Legislators looking for health care funding alternatives

The Louisiana Legislature directed the state’s health agency to seek permission to go outside federal rules to provide more financial stability in Louisiana’s health insurance program for the poor.

Legislators voiced worry about potential changes in the federal government’s funding under the new Patient Protection and Affordable Care Act, particularly for states like Louisiana that rejected the “Medicaid expansion” part of Obamacare.

Louisiana’s Medicaid budget is approximately $7.8 billion, from both state and federal sources. State officials already are struggling with coming up with more state dollars for its portion of the program that serves more than 1 million Louisiana residents. They fear the federal government will shift more of the costs on state government.

The Legislature ordered the state health agency to seek special permission from the federal Centers for Medicare and Medicaid Services to:

Use local and state dollars that have not heretofore been tapped as a local match to draw down federal Medicaid funds, thus increasing dollars available for care for more than 1 million Louisiana residents.

Loosen the strings on extra payments providers receive for care of the poor and low-income needy so a revenue stream would continue to flow as Louisiana moves more toward private-sector-based managed care.

Officials with the state Department of Health and Hospitals, or DHH, say they are weighing the options amid the directives, which involve what are called “Medicaid 1115 waivers.” The name refers to the section of the Social Security Act that gives the U.S. Secretary of Health and Human Services the authority to approve experimental procedures, programs and policies aimed at improving access and reducing costs.

“We have worked with the Legislature and provided information as needed,” DHH Undersecretary Jerry Phillips said. The 1115 waivers allow “a great deal of variability.”

State Rep. Jack Montoucet, D-Crowley, and state Sen. David Heitmeier, D-New Orleans, sponsored the resolutions directing DHH to act.

“Both of them are attempting to give the state more flexibility in how it operates the Medicaid program,” said Sean Prados, vice president of the Louisiana Hospital Association.

A congressional change last year increased the state match requirement to the highest level in decades, so identifying more in-state funds that can be used as match would relieve some of the budget pressure.

Tough state budget times prompted cuts to health care and potential federal changes in health care financing with Obamacare and its aftermath are fueling the initiatives.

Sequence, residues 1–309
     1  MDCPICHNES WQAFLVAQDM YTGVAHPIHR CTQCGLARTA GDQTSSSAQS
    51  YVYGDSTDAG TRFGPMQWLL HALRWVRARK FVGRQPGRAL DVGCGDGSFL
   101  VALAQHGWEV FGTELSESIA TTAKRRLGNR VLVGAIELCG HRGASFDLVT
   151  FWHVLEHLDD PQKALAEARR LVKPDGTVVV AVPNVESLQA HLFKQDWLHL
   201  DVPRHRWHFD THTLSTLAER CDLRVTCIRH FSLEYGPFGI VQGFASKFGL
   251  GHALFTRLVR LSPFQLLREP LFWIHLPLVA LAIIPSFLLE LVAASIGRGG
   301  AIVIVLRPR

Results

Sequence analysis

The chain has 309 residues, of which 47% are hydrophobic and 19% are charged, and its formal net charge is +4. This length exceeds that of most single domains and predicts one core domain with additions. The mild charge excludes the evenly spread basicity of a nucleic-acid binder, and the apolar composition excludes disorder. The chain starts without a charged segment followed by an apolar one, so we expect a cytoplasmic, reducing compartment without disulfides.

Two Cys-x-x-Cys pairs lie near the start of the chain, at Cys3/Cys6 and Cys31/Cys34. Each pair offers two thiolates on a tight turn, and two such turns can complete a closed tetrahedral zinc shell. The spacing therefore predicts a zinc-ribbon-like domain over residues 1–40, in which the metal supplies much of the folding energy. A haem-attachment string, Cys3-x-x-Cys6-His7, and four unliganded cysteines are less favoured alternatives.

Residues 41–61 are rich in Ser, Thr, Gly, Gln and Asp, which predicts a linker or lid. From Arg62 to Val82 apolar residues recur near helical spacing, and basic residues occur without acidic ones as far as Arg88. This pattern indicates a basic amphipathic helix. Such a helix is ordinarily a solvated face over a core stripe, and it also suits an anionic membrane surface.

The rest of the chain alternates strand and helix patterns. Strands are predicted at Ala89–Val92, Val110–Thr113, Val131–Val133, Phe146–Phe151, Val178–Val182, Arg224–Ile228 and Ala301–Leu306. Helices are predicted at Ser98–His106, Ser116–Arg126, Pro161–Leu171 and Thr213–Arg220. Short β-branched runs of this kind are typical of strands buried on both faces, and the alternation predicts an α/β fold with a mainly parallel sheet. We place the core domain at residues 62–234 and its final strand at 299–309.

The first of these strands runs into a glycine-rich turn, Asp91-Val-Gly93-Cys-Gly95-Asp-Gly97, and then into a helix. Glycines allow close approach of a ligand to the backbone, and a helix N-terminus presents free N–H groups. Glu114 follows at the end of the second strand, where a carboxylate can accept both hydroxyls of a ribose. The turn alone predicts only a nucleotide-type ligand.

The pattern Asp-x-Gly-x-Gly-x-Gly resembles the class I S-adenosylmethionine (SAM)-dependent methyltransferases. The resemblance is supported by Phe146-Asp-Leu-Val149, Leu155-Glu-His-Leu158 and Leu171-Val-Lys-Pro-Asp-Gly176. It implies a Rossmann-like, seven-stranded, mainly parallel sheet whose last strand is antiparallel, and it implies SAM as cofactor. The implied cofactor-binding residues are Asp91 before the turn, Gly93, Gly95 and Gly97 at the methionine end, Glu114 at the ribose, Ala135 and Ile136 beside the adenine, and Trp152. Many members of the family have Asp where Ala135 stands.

Uninsured care payments are supposed to decline with Medicaid expansion. Gov. Bobby Jindal rejected Louisiana participation in the expansion.

In addition, hospitals are concerned that with the stroke of a pen another program called “upper payment limit,” which many rely on to generate funds, will go away, Prados said.

“It’s about an uncertain future and if payments to providers are going to be there to protect the services,” Prados said.

Montoucet’s House Concurrent Resolution 122 calls on DHH to submit a “demonstration waiver” that would allow use of costs not otherwise matchable to bring in federal funds for certain state and local health programs with excess dollars reinvested in the Medicaid program.

“It’s all wide open,” Montoucet said. “We have a lot of money out there that under the waiver system that’s eligible.”

Montoucet said other states have been more innovative than Louisiana in leveraging state and local funds to meet health care needs. The financial plight of some rural hospitals spurred the resolution but other hospitals and health care providers can benefit too, Montoucet said.

Linda Welch, executive director of the Louisiana Rural Hospital Coalition, said there are many opportunities to tap funds that could bring dollars in for cutting-edge telemedicine technology at hospitals. The idea is to offer services locally that otherwise patients would have to travel to urban hospitals for treatment, Welch said.

She said she envisions the development of medical teams that would develop specific care plans for patients who are monitored.

“The feds have been generous to states in the past by allowing them to use funds if they can remotely be tied to health care,” Welch said, for instance, “funds for mosquito abatement, water treatment.”

Some states have received approval to use dollars spent on prisoner health care, Welch said. Louisiana currently spends $50 million annually that could potentially be used to bring in more than twice that in federal funds.

Heitmeier’s Senate Concurrent Resolution 87 directs DHH to develop a waiver “designed to protect Medicaid and uninsured services being delivered and complement existing ‘upper payment limit’ funding programs.”

Called UPL, the “upper payment limit” is the difference between what the state Medicaid program reimburses and the higher-paying Medicare rate.

Louisiana has relied more and more on UPL to help hospitals that have been hit with heavy budget cuts in recent years. The program reimburses the hospitals for care for which they would otherwise not been eligible.

Heitmeier said the idea is to protect Louisiana’s program, which under current federal rules can be used under the Medicaid program based on paying providers on a “fee for services” basis. Some of Louisiana Medicaid is operated on a private sector plan, in which there is a rate similar to an insurance premium.

Exactly what will be submitted for federal approval is unclear but Heitmeier said he has been to Texas to look at what that state did to protect federal dollars under managed care plans.

“Ultimately it adds dollars to the system,” Heitmeier said.